In cumulative voting, each citizen is given as many votes as there are candidates. They can choose to cast all their votes for the same candidate, vote once for each candidate, or use any variation in between. Because a group of voters can decide to pool all their votes for a single candidate, cumulative voting also allows for disenfranchised individuals to throw their full weight behind a candidate they believe in.[vi]

Another variation simply allows voters to mark every candidate they approve of. The candidate with the most votes wins. This system, called approval voting, is effective at weeding out candidates whom a significant minority thinks sucks.[vii]

A remarkable bit of irony has many countries instituting compulsory votingforcing people to determine who will ensure their freedom. In repressive countries like Singapore and Argentina and in open ones like Australia, Switzerland and Greece (now you must vote in the birthplace of democracy!), citizens can be fined or imprisoned for having a laissez-faire attitude to voting. Some countries, like Bolivia, Belgium, Iran and Italy, make paychecks, jobs or daycare harder to come by for non-voters. Generally speaking, however, most countries with mandatory voting ignore citizens who don’t vote, as it’s just too expensive to navigate all the red tape.[viii]  Problems with the system include random voting, where laid-back folks just walk in and push the button that appears to offer the least resistance in order to say they voted. Argentines and Ecuadorians are said to abstain or spoil their ballots in protest against mandatory voting.[ix] For these reasons, several countries, including The Netherlands and Venezuela, have tried mandatory voting and decided it wasn’t such a great idea.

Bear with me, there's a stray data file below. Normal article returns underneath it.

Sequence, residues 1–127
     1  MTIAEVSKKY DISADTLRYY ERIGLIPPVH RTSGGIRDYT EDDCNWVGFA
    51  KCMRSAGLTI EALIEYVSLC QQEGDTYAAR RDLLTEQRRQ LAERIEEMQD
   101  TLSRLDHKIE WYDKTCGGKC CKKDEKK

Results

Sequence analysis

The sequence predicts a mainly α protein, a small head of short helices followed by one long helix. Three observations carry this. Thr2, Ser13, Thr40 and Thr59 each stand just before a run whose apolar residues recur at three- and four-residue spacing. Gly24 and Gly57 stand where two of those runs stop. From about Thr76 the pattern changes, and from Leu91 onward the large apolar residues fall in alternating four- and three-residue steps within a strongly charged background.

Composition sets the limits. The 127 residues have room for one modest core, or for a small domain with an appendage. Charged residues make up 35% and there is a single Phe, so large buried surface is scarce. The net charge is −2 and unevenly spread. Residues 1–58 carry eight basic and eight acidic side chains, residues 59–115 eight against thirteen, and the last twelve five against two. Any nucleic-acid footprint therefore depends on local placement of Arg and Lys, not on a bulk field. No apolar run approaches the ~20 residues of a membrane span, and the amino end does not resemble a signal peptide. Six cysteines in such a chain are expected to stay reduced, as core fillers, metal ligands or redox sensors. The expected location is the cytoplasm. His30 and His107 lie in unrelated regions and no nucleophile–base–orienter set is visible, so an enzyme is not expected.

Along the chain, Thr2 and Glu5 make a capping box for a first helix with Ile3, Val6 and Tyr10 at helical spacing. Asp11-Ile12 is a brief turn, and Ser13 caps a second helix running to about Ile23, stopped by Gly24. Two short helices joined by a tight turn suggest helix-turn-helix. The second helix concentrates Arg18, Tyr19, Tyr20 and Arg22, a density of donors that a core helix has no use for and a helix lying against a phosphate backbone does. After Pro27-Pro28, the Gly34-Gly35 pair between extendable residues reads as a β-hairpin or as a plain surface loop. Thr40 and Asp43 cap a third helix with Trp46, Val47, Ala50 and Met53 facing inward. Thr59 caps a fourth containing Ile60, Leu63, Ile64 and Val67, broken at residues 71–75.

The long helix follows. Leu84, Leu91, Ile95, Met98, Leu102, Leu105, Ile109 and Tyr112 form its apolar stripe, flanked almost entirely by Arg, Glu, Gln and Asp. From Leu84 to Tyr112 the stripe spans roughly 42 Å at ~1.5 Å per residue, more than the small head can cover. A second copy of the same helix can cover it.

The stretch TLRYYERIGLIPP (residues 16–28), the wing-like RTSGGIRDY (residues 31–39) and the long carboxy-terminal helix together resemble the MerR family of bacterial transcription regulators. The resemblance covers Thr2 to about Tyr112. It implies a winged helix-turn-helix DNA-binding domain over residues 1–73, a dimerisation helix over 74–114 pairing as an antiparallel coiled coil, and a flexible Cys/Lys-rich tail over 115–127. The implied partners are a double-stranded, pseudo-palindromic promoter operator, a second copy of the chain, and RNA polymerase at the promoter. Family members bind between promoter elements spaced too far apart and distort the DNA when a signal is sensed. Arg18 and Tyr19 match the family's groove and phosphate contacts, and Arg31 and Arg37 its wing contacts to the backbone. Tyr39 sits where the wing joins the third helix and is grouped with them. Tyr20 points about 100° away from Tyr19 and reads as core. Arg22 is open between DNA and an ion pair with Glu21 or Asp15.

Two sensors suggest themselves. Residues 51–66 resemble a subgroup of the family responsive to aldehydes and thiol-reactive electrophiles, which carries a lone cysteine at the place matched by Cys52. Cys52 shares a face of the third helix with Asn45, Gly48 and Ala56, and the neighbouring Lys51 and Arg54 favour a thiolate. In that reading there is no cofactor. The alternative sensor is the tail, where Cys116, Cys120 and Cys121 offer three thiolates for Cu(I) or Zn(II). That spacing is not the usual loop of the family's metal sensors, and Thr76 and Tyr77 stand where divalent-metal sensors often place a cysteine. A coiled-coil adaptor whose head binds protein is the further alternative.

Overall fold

There are other variations of these methods, each more original and inspiring than the last. So you can see that, thanks to the incredible computer technology we have at our disposal, there’s an underground renaissance brewing and many visionaries are working on how we might run elections in a fairer and more appropriate manner. However, believe it or not, there are substantial reasons to doubt that vote counting schemes alone can make enough of a difference or  are simple enough for a critical mass of people to understand, champion, and spread. Moreover, these two flaws can feed off each other and the scheme never gain the inertia needed to make a difference. In fact, as we’ll see in the following chapters, what makes some reform movements successful and others not is often largely how capable they are of making people feel personally empowered, not beholden to an electoral process that they can’t seem to ever understand. In addition, perhaps the most important factor is that any successful social change requires the participation of the people most affected by corruption – the poorer and middle classes. Some of us who share these doubts – about how all the complexities and similarities inherent in the various vote counting methods stand in the way of their gathering momentum and being implemented – feel the need to push the technology envelope even farther. And the next step in this direction is not to devise new ways to count votes but to actually size them instead.